I was away on vacation at Christmas, and USPS scanned as delivered a shipment to me from Bookins, even though our mail was on hold at the Post Office until we returned. So, I would say that not 100% of DC items are scanned on delivery at the address. Our package should have been scanned as delivered when I arrived at the PO to pick up my mail and restart delivery after our trip.

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by: jsicolts

Mon Feb 18 13:19:10 2008

Not surprised Amazon is doing that. They gave us such a hard time as well. At and DC is of course proof of mailing & delivery.

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by: jackieh41

Tue Feb 19 06:01:31 2008

I think the person complaining about the shipping really does not realize what it costs to ship items,  especially if they are professionally and well packaged to insure or try and prevent damage during shipping.  This type of packaging also increases weight.  It is a very very tight margin.  To pack a piece of jewelry into a padded envelope,  at least in most cases is not adequate.  And,  then,  the complaints regarding the amount of time the package costs to ship always come,  even though a seller may ship daily.  I think that there are indeed sellers who gouge buyers,  but most are just trying to get their products sold and out in one piece, as quickly as they can.  Shipping is not only getting the item there,  but the boxes, cushioning,  water protection, and in the case of jewelry,  the smaller jewelry box.

Lots more going on here,  and more costs  than most people realize.


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by: jsicolts

Tue Feb 19 06:34:20 2008

We state on our listings : Negative feedback for Shipping & handling fees are ignored. ....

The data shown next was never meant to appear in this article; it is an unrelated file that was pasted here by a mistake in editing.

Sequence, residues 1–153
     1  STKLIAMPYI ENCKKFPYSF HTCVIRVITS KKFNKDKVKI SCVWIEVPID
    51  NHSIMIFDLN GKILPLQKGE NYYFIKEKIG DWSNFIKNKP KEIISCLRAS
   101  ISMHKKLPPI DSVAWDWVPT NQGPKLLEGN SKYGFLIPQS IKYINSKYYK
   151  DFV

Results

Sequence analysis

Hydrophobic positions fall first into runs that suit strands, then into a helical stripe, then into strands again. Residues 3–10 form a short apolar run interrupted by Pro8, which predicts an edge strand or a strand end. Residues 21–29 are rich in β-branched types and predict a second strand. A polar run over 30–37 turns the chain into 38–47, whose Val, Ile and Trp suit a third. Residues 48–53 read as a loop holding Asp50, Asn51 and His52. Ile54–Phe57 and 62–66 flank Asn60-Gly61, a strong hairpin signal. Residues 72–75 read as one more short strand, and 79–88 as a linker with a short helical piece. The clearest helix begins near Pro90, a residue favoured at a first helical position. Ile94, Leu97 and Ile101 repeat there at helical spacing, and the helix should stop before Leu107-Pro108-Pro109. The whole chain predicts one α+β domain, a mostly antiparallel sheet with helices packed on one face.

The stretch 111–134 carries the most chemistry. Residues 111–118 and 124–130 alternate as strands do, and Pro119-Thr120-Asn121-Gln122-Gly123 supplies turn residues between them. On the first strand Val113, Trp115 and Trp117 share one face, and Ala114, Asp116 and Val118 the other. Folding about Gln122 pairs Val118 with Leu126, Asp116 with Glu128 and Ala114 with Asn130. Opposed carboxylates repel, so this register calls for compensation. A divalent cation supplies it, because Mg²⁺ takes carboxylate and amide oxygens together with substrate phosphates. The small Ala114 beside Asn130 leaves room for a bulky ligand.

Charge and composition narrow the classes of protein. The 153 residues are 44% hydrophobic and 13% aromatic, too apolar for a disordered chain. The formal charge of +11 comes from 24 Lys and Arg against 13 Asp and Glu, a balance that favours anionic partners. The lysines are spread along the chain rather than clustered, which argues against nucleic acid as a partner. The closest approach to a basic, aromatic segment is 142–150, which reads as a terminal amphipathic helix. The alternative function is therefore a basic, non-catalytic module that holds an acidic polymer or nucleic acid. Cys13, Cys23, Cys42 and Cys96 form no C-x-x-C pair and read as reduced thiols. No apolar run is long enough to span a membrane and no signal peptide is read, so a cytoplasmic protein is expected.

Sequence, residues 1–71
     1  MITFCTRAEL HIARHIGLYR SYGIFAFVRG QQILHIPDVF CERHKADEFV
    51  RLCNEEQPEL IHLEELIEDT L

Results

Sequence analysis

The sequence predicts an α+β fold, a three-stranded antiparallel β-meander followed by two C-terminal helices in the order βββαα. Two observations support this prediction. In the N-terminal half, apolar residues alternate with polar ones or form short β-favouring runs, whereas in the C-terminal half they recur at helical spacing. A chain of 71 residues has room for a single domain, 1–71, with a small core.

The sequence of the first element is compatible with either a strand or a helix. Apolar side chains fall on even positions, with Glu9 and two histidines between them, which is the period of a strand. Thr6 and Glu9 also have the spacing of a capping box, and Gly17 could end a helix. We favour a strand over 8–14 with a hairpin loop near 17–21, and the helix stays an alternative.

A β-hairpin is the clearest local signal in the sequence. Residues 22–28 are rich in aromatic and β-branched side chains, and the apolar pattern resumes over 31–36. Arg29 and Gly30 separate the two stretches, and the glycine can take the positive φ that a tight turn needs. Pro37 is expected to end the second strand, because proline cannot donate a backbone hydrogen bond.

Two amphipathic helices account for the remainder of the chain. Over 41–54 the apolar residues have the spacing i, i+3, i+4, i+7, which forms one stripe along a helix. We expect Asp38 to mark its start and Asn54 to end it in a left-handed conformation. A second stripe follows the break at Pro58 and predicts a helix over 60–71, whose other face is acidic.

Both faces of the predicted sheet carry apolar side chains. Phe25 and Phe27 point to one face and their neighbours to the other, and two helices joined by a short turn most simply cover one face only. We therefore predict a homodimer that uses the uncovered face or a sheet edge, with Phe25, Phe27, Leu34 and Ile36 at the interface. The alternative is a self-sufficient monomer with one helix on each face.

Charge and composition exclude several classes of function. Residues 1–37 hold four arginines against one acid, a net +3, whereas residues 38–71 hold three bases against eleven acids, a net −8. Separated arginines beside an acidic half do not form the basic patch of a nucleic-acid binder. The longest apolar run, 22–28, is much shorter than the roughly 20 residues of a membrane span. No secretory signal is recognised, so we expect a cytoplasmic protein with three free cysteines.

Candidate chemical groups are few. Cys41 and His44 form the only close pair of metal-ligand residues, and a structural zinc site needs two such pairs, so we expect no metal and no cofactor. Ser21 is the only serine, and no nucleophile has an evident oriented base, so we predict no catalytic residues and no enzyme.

The Postal disservice is the culprit here.
We would like to see the postal service Privitized.

Perminate Link for Online Sellers and Shipping Woes   Online Sellers and Shipping Woes

by: Renee

Tue Feb 19 07:38:32 2008

With the new postage increase coming it May and increased fees at eBay the little seller is toast.  There is no way to absorb these hikes without passing them on to the buyer but if we pass them on to the buyer no one will buy.  On top of that PayPal and eBay can hold our money for 21 days, require us to pay double or triple for signature confirmation and snatch funds out of our bank accounts when they decide to refund a buyer whether we agree or not.

This is the way I think it should work.  Sellers pay no listing fees, no postage and no final value fees.  Buyers pay all fees.  How long do you think eBay would stay in business if that were the case.  eBay and PayPal need to rethink who pads their purses.  They work for us, the sellers, not the buyers.

eBay, PayPal and Buyers have to leave us some margin for profit.  We need to feed and provide for our families just like they do.  

I use to say that eBay was the great equalizer.  It did not matter if you were a mega corporation or one man show, on eBay you each had an equal chance.  Not anymore.  eBay has lined up with the big boys and the rest of us are not allowed to play.

And, just curious, but when is someone (the government) going to put a halt to these postal increases.  They seem to be coming every six months now.  In my business, if I am not making a profit, I have to cut corners and layoff employees.  Why doesn't the US Post office have to do the same thing.  This is getting truly ridiculous.